It’s about to become the second coming of the roaring twenties. Men can cook, plain and simple. I don’t know exactly what it was, but reaching back into history by the decades, it was something that men just didn’t do. Was it considered to be non-masculine? Were you made a mockery by your boys? It doesn’t matter now. Today, there’s nothing better than hearing your little one beg for dad to make the pancakes, because he’s the king of breakfast, or to have dad make his famous (stretching the word a bit here) American chop suey. So let’s get on with it, and throw a few recipes your way that your kids—and your wife—are going to love.
Slow Cooked Beef Stew
If you’re not keen on cooking, and you want to be, there’s one magical kitchen appliance that’s going to be your best friend at all times: the Crock-Pot. It was a big deal when women started working full-time, but the kicker was, they were still expected to make dinner. Voila! The slow-cooker took care of it all. Throw in ingredients, sufficient liquids, and you had a meal by the time you got home. They’re safe to leave on the counter all day, and they even come with a warmer setting so that when you serve, it stays hot without cooking any further. Paradise, right?
Some of us are stay-at-home dads, and that’s rockin’, but you have to own it. I don’t know anyone who doesn’t love a hearty beef stew; it’s comfort food. (Sorry, vegetarians.) This is actually a personal recipe that our head writer uses to feed to his four picky sons, and they love it.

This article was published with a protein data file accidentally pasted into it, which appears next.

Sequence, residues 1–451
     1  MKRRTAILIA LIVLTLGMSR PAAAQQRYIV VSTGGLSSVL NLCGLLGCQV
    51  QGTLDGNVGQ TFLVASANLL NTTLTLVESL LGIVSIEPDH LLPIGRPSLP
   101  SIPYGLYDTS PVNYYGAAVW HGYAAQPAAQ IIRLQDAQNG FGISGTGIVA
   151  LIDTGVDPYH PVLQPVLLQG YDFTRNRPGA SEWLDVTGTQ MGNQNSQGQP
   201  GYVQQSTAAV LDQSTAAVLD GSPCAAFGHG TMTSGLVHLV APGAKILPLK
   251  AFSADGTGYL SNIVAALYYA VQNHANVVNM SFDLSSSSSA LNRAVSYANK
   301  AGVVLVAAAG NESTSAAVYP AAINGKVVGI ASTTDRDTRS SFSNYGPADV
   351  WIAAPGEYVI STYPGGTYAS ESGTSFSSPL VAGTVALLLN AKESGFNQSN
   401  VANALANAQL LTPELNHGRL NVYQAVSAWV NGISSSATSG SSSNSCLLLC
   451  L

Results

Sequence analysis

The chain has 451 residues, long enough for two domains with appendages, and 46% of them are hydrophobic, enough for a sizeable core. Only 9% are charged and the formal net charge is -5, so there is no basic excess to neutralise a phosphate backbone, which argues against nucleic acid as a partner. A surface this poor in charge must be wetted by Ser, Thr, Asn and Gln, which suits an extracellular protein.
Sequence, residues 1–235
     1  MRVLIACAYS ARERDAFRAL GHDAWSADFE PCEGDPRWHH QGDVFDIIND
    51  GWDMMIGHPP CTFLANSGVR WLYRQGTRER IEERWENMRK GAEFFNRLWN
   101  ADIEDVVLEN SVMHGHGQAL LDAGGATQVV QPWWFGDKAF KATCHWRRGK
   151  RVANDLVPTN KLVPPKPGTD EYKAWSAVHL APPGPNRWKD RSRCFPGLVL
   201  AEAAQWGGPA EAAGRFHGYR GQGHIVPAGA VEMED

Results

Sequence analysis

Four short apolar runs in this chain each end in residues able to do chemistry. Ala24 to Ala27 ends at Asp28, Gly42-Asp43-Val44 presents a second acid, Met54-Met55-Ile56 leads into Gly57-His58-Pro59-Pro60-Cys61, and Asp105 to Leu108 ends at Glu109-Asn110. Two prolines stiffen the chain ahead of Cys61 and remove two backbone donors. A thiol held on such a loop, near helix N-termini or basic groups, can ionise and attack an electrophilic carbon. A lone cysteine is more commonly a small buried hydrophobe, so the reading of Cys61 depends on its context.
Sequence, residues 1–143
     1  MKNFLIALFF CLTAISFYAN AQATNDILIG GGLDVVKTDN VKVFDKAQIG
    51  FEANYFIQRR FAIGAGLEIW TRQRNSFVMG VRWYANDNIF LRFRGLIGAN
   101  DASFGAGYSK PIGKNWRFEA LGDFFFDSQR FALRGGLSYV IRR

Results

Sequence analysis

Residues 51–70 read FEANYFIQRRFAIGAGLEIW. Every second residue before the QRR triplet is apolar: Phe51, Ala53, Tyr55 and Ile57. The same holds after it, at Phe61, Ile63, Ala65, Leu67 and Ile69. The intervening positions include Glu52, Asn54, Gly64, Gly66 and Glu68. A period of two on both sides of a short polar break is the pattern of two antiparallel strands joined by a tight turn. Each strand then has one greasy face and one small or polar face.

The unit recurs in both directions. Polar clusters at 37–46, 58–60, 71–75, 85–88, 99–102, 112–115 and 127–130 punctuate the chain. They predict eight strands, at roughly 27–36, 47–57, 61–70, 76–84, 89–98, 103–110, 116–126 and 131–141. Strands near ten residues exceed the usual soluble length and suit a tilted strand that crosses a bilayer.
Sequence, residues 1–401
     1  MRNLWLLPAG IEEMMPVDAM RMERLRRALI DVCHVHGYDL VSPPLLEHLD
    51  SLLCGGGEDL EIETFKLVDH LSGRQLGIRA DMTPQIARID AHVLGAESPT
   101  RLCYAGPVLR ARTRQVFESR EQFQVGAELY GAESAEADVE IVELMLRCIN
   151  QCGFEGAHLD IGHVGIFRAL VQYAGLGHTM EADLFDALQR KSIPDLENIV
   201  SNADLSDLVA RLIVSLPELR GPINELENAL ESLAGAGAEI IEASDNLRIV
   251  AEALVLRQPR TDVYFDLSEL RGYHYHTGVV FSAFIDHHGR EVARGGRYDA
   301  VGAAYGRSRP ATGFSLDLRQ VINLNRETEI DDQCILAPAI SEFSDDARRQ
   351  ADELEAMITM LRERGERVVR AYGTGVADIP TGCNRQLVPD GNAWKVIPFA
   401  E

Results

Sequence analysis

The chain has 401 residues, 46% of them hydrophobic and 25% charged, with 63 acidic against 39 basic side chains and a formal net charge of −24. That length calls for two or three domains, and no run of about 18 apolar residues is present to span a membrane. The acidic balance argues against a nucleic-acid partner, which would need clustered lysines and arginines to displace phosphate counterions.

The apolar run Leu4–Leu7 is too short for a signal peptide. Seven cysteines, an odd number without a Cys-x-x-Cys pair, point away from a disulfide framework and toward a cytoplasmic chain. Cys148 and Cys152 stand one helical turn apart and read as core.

- 1lb of stewing meat
- 1.5lbs of red potatoes
- 0.5lbs of yellow onions
- 0.5lbs of carrots
- ¼ cup of all-purpose flour
- 6 cups of water
- Onion powder, salt, pepper, cinnamon
- Stewing meat is more expensive than buying a roast and cutting it yourself, but the pieces tend to cook more thoroughly, and at the same time. Toss your stewing meat into your Crock-Pot, keep it off.
- Scrub your potatoes; most of the flavor comes from the skins. Dice them up to be about the same size as your stewing meat chunks. Carve your onions and carrots to be the same size.
- Add all the fillings to the Crock-Pot, pour water over. At this time, add in ¼ tsp. of onion powder, and a dash of salt, papper, and a half-dash of cinnamon. (Not cinnamon sugar; two totally different things.)
- Put on low heat for 8 hours; stir occasionally, 30 minutes before serving, add in your flour to thicken up the mixture. If necessary, add in more flour bit by bit until you get the desired consistency. ¼ a cup is usually all that’s needed.
- Put on high for the last 30 minutes; flip it to warm, serve, and you’re done. For bonus points, make sure to have some biscuits coming out of the oven—they go great with beef stew.
Homemade Mac ‘n Cheese
This may sound like a copout meal, but this is a dish that even adults like. In my opinion, everybody likes a little bit of macaroni and cheese, but as we get older, that boxed junk doesn’t cut it anymore. Nothing beats homemade, real mac ‘n cheese. It’s easy to make; you’re only going to need to prep this about an hour beforehand, and it requires little-to-no maintenance.